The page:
“Fairness as Justice” is included in Anthony de Jasay’s most recent collection of essays, Political Philosophy Clearly: Essays On Freedom And Fairness, Property And Equalities.

Anything that’s peaceful

Libertarians spend a non-trivial amount of time arguing for the obvious. At best, such arguments are redundant because there is no widespread believe that violence or threats of violence are a good thing. At worst, these debates hurt the prospects for a society with less violence because theories about the existence of  “natural rights” are rightly a source of  ridicule. The idea that “rights” just exist out there in the world without actual individuals engaging in contracts to establish rights is not going to persuade anyone with a sober mind.  In that sense, Ayn Rand, Murray Rothbard and the (early) Robert Nozick did not do the renaissance of classical liberalism a favor.

A similar problem is encountered with terms like “liberty” and “freedom.” There have been extensive debates about the meaning of liberty as if there is a God-given “real” meaning of the word that just lies out there waiting to be discovered. Many libertarians would argue that we should seek a free society. But as Anthony de Jasay has noted, “The question of whether freedom is valuable or a free society is good ought not to enter at all into a properly thought-out political doctrine, liberal or other. It should be resolutely ignored. Whichever way the question were answered would, it seems to me, inevitably steer us in a teleological direction, and undermine the foundations on which the society that we could consider free might stand and survive. ”

“Consequentialist” libertarians have rejected the emphasis of “moralist” libertarians on (absolute) rights and liberty and have argued for evaluating public policies in light of their consequences. Liberty founder R.W. Bradford (1947-2005) repeatedly held the moralist libertarians responsible for the poor acceptance of libertarianism.  But it is hard to see why conventional consequentialist libertarianism would do much better. Most people do not come into this world seeking to optimize some kind of social welfare function or overall efficiency. In this sense consequentialist libertarianism is even further removed from reality – a point that has been well recognized by former utilitarians like Jan Narveson.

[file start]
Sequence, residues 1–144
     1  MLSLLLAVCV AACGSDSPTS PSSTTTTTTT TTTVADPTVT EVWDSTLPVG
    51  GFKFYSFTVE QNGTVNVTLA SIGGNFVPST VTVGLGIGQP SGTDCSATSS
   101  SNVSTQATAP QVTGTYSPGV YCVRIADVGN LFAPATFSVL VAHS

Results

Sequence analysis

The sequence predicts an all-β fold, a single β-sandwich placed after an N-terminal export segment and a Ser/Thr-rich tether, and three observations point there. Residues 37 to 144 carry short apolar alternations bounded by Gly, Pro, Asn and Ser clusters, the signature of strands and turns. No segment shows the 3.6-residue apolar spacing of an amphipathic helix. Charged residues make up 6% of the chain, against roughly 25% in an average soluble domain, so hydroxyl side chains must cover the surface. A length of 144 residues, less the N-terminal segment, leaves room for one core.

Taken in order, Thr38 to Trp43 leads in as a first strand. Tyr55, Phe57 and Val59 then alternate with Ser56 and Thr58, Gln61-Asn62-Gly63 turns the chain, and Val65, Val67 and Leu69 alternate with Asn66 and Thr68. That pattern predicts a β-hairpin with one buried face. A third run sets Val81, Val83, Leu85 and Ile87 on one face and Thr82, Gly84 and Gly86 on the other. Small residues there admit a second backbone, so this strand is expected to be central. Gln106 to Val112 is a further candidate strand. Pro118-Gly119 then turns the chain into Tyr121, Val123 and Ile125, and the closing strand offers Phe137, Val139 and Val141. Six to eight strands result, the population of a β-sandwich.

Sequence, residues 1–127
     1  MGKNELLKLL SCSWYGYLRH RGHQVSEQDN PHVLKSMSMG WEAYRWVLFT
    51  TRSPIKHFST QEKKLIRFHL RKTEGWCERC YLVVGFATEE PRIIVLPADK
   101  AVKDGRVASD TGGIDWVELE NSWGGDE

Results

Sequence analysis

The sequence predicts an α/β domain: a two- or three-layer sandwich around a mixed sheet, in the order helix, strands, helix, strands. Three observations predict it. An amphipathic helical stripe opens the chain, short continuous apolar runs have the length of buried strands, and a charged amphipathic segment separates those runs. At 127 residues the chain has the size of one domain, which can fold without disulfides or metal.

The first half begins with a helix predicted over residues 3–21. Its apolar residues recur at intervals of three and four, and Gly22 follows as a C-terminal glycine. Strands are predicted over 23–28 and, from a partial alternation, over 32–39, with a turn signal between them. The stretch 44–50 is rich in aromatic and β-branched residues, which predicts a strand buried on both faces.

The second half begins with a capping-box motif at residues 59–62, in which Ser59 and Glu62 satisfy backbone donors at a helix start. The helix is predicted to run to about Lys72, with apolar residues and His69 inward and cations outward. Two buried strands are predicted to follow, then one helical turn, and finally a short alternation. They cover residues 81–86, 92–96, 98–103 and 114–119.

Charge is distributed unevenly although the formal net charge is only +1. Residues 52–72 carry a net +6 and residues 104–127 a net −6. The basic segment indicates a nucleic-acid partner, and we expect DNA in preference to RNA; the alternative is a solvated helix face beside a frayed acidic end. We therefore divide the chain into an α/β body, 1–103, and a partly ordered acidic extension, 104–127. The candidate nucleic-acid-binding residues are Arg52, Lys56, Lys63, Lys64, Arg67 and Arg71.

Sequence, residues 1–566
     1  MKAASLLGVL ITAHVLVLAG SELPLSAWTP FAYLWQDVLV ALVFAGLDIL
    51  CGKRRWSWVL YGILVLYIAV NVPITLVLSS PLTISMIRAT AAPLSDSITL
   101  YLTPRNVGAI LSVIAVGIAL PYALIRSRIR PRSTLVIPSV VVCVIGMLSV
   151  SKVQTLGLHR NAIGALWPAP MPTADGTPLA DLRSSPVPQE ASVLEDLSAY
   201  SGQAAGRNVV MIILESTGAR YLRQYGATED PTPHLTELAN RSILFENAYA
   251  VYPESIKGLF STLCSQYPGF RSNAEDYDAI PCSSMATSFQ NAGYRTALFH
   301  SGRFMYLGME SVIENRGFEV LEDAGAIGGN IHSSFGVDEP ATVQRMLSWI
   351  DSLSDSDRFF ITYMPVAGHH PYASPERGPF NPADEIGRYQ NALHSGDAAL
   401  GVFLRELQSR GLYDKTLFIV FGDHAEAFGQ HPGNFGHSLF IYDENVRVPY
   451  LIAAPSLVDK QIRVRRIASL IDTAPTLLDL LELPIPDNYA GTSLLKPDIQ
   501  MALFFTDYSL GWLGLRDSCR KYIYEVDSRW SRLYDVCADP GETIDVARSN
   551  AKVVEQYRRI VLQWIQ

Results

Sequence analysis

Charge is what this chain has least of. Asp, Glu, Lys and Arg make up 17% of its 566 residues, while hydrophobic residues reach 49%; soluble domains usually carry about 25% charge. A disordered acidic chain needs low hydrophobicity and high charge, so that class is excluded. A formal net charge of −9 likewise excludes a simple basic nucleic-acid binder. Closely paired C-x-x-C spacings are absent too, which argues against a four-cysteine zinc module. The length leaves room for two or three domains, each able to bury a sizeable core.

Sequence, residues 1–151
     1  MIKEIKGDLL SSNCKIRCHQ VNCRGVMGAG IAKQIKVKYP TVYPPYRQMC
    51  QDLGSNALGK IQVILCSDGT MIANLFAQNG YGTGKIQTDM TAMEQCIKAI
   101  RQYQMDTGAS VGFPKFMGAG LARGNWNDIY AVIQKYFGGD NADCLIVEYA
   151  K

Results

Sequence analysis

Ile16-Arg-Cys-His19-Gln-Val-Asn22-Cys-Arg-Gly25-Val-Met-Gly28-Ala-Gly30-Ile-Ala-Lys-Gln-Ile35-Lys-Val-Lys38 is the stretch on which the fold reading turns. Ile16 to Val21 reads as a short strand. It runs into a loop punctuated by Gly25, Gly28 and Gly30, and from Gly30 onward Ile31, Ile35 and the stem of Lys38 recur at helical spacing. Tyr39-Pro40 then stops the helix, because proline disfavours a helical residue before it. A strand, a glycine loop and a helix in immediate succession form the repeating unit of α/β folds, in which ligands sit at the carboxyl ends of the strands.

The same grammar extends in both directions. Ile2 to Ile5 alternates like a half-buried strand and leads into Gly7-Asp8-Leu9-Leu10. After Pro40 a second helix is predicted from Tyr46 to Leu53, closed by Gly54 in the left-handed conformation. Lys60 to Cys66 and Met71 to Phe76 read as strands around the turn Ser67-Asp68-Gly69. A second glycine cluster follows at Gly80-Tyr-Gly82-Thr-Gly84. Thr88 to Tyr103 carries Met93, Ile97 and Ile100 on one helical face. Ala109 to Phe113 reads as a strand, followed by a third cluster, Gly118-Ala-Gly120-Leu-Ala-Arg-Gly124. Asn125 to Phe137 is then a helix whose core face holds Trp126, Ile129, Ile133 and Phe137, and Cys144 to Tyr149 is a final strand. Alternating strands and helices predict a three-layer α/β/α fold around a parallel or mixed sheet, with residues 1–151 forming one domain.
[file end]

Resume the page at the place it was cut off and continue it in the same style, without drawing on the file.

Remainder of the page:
A small minority of libertarians have hopes of reconciling egoism and libertarianism. These authors often spend considerable time making the case for ethical egoism. For people who tend to look at such questions from the perspective of empiricism and modern science such investigations are rather excessive. The interesting question is not so much whether there are objective moral truths but what happens when people who have left such beliefs behind interact.  This question can be approached from a Hobbesian perspective or from an evolutionary perspective. But what often is discovered is a general desire to discourage and prohibit violence.

It is not likely that Ayn Rand and Murray Rothbard will be remembered for their breakthroughs in moral philosophy but what these authors have in common is their identification of classical liberalism with non-aggression. This re-conceptualization of classical liberalism has been an important breakthrough because it enables to see things like “regulation” and “public policy” in fairly non-ambiguous physical terms. If one strips away all the rhetoric about “rights” and “democracy” one is left with a State that mostly engages in violence and threats of violence against peaceful people. One of the major contributions of modern libertarians has been to show this is the case – even when the State only claims a  “monopoly on violence” to solve public goods problems.

Contra libertarians such as R.W. Bradford, the desire for peace is neither outdated nor ineffective. People may differ on the importance of “negative” or “positive” liberty or growing “the economy” but few people go out in public  speaking out in favor of violence against the innocent. The main task of libertarians is not to look for “justifications” or “foundations” but the demystifying of the State and the defense of anything that’s peaceful.